Twelfth Night: the final night of the Christmas season, and the more or less official end of the holidays. So ends another Christmas season. And I strongly suspect that Christmas of 2015 will be radically different from any other Christmas to date.
If you’re read any of my other articles about this holiday season, then you probably know that our big holiday road trip was cut short. Truth be told, there has been a cloud over my head throughout this holiday season, and it’s been hard to deal with.
A few days before we left for our trip, my mother was admitted to MedStar Medical Center in Montgomery County, Maryland, with something they could only describe as “very serious.” We came close to cancelling our trip because of this, but she talked us out of that. She didn’t want us to miss this chance to see family and friends that we haven’t seen in a long time, just because she was cooped up in a hospital.
At the time I asked her, flat out, if the Grim Reaper was at her door. She said no, but she’s pretty sure he’s only a few blocks away. The problem is, I know my mother well enough that I could tell she was apprehensive, if not worried, and she was probably holding something back.
Half way through our trip, Mom asked me to come home. That pretty much told me everything I needed to know.
She has stage four cancer. The cancer started in her uterus area, and spread to other parts of the body. Of particular interest was some swelling against the heart, which was causing shortness of breath and fatigue. That’s what caught the attentions of the doctors, actually. I remember at Thanksgiving she was complaining about shortness of breath. Apparently that was this strange growth, and it was moving fast. Radiation has brought this particular issue under control, but the original cancer remains a problem.
In all likelihood, Christmas of 2014 will turn out to be her last.
And that is what has me in a funk. My mother has always been a strong willed and determined woman. Sometimes she was like a force of nature. She was widowed at a fairly young age, and watched several members of her family succumb to a variety of maladies over the years. But it looked like she had beaten the odds on that front. Roughly 18 months ago she sold her long time house in Homer, New York, and moved to Silver Spring, Maryland. She moved into a retirement community where she could be closer to her grandchildren, and the plan was that she would enjoy this relaxed, retirement lifestyle for several years.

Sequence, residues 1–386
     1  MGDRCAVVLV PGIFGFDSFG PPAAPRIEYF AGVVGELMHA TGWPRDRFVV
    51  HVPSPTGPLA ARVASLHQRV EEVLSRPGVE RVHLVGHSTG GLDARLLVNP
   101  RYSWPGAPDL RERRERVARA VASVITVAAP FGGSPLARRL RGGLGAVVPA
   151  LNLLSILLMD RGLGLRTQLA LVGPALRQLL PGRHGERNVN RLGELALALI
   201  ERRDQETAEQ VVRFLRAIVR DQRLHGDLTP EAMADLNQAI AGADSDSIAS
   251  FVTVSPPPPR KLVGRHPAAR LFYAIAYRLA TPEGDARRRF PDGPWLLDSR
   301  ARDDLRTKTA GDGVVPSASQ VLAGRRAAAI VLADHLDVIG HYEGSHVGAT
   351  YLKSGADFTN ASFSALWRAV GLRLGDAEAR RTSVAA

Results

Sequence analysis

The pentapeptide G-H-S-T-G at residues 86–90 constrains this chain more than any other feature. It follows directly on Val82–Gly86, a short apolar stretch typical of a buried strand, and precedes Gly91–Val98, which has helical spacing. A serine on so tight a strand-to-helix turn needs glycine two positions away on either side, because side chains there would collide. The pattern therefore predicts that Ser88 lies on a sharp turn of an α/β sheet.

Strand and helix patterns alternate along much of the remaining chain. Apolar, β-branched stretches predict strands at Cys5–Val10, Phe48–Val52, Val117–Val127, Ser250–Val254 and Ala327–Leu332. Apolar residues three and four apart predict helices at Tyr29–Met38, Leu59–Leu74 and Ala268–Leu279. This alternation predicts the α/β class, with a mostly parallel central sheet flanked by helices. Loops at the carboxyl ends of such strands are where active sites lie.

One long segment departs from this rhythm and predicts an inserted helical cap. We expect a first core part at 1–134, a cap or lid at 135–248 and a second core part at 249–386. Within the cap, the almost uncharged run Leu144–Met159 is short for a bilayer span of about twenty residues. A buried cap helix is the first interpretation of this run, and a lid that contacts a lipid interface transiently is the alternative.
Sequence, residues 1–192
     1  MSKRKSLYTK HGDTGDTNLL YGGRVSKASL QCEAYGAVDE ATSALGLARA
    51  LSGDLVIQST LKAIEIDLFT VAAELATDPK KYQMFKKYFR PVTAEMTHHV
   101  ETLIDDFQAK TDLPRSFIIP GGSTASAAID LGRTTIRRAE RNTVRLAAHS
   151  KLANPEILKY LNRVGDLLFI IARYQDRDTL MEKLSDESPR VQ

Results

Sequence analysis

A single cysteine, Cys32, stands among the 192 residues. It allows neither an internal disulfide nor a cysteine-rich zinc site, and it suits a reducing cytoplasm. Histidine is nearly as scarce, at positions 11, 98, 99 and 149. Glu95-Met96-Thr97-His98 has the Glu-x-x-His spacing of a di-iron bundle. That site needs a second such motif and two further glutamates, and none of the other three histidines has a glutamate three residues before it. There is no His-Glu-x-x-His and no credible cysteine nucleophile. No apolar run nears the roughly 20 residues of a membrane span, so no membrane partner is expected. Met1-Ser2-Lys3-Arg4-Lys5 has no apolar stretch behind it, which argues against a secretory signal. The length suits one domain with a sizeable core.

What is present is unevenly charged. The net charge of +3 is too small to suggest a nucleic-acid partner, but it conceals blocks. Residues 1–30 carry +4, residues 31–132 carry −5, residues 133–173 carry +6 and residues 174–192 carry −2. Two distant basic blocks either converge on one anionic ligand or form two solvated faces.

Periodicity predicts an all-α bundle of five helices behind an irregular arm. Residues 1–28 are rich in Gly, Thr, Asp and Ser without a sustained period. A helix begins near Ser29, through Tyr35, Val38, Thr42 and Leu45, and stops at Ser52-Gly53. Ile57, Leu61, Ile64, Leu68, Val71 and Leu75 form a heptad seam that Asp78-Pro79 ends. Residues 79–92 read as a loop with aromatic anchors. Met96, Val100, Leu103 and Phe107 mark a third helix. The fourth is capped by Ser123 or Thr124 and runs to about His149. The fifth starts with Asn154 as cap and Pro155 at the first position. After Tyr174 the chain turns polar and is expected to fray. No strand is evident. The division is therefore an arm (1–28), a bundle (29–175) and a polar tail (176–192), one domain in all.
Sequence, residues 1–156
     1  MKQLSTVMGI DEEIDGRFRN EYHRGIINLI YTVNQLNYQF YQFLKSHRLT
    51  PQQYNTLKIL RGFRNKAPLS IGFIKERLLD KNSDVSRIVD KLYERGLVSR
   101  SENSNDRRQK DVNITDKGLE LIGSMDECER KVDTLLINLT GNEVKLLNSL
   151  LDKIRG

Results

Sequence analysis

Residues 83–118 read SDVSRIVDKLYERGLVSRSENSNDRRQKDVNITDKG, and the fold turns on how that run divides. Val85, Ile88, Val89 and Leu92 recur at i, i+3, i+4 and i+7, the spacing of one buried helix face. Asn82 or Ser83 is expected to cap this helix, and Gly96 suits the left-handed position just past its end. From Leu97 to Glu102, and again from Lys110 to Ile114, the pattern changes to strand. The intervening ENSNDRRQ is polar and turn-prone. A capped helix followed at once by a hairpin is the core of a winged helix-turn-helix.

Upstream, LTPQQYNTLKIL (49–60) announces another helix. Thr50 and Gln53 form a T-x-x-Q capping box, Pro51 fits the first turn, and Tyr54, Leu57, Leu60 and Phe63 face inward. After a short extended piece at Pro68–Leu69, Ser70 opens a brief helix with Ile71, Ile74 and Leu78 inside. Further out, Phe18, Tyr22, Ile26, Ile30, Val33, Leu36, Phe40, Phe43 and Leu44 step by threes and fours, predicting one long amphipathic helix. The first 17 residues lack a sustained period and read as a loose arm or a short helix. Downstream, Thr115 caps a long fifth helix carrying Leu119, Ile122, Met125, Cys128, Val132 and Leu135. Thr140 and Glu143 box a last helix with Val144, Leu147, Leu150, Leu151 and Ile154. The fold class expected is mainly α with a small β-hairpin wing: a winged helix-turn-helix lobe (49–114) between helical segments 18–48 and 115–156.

Mom with her four grandchildren.
Fate apparently had other plans. She was diagnosed with Parkinson’s disease just over a year ago, so her ability to do a lot of things had been stunted. But she was managing, and the disease was being controlled. This cancer took us by surprise, though in hindsight the signs had been there for quite some time. We just didn’t recognize them for what they were.
She is now in the process of moving out of the retirement community, and into a nursing home. In her case, the nursing home will be serving as a hospice. Instead of several years, she only has a few months. My brother, largely out of necessity, has been handling most of the logistics of this transition, and it’s weighing very heavily on him. The next steps will involve dealing with her apartment and her various belongings. That will probably involve getting a storage area; I can help him with that part, at least.
Mom with her two boys, me (left) and my brother, James (right).
I suspect I’m projecting and/or deflecting, because this is proving very difficult to address. This will sound cliche, but mom has become a shadow of the woman she used to be, and it’s painful to see. The idea of life without my mother being somewhere in this world is a difficult one to consider. It’s one of those things that we all know is likely to happen, but when faced with the reality of it, it’s hard to truly fathom.
If there is a silver lining in this, she isn’t in any lasting pain, and she still seems to have most of her mental faculties. They are greatly slowed, but still present. At this point, all I can do do is hope and pray that these last few months will be peaceful and comfortable for her, and that when the Grim Reaper does finally arrive he has the decency to arrive while she’s sleeping. As for how these months will treat my brother and I, our wives and our children, is another story entirely.
Photo credits: Lisa and Richard Pugh.